To test and evaluate the Local4Global system, the E.ON ERC Main Building, located in Aachen Germany, served as the Local4Global Building Use Case. The main reason for choosing this building to serve as the Local4Global Building Use Case is the fact that the building is equipped literally with all possible renewable energy generation elements and energy/thermal influencing elements that may found in a real-life building. Moreover, the overall building control infrastructure comprises a quite complex hierarchical system with different control elements affecting the building thermal and energy consuming performance at different levels and in a quite complex manner. Furthermore, it has to be emphasized the fact that the building contains a large number of rooms and offices with totally different characteristics and purposes (laboratories, office rooms, conference spaces, data centre rooms, etc). Finally, it has to be emphasized the fact that the building is subject to severe and abrupt weather as well as occupant behaviour changes.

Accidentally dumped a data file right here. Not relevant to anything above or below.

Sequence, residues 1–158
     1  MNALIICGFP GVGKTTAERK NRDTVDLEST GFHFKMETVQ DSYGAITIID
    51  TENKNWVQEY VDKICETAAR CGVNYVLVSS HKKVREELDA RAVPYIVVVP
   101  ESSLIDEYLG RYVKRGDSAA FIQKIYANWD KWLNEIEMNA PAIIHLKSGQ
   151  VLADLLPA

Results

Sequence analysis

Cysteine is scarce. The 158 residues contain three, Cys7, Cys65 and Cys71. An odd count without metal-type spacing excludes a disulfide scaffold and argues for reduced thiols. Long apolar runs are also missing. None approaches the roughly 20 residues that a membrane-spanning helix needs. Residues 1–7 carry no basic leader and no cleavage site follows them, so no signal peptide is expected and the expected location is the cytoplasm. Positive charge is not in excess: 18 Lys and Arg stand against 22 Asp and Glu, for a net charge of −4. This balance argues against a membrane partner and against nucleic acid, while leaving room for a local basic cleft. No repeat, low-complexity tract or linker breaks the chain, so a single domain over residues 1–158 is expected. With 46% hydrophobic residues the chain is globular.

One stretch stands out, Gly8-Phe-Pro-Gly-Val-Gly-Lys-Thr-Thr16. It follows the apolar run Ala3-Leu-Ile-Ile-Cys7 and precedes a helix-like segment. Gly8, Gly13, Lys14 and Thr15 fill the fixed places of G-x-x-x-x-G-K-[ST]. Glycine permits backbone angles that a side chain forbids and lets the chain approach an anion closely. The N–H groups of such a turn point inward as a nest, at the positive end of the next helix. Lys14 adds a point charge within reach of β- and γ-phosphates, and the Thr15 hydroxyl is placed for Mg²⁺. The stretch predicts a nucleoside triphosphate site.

Use Case Site: E.ON ERC building, Aachen, Germany
The building site is situated in Aachen, which is a city in the west of North Rhine-Westphalia, Germany. Figures 3 and 4 provide an impression of the building’s façade and floor plans. The façade is designed in a grey-black metallic coating with a unitized curtain walling. The all over appearance is simple and quite artless but representative and presentable.
The building is the new headquarter of the E.ON Energy Research Center at the RWTH Aachen University. The building particularly integrates the following usable areas: office rooms and staff facilities (e.g. computer rooms, in the following called CIP-Pools), seminar and conference rooms, laboratories, common areas as well as areas for LAN- and server equipment. Offices, conference rooms, common areas and CIP-Pools have demand for cooling, heating and ventilation dependent on the outside weather conditions. LAN- and server-equipment has permanent cooling demand. Laboratories have volatile and unpredictable demand for process heating and process cooling.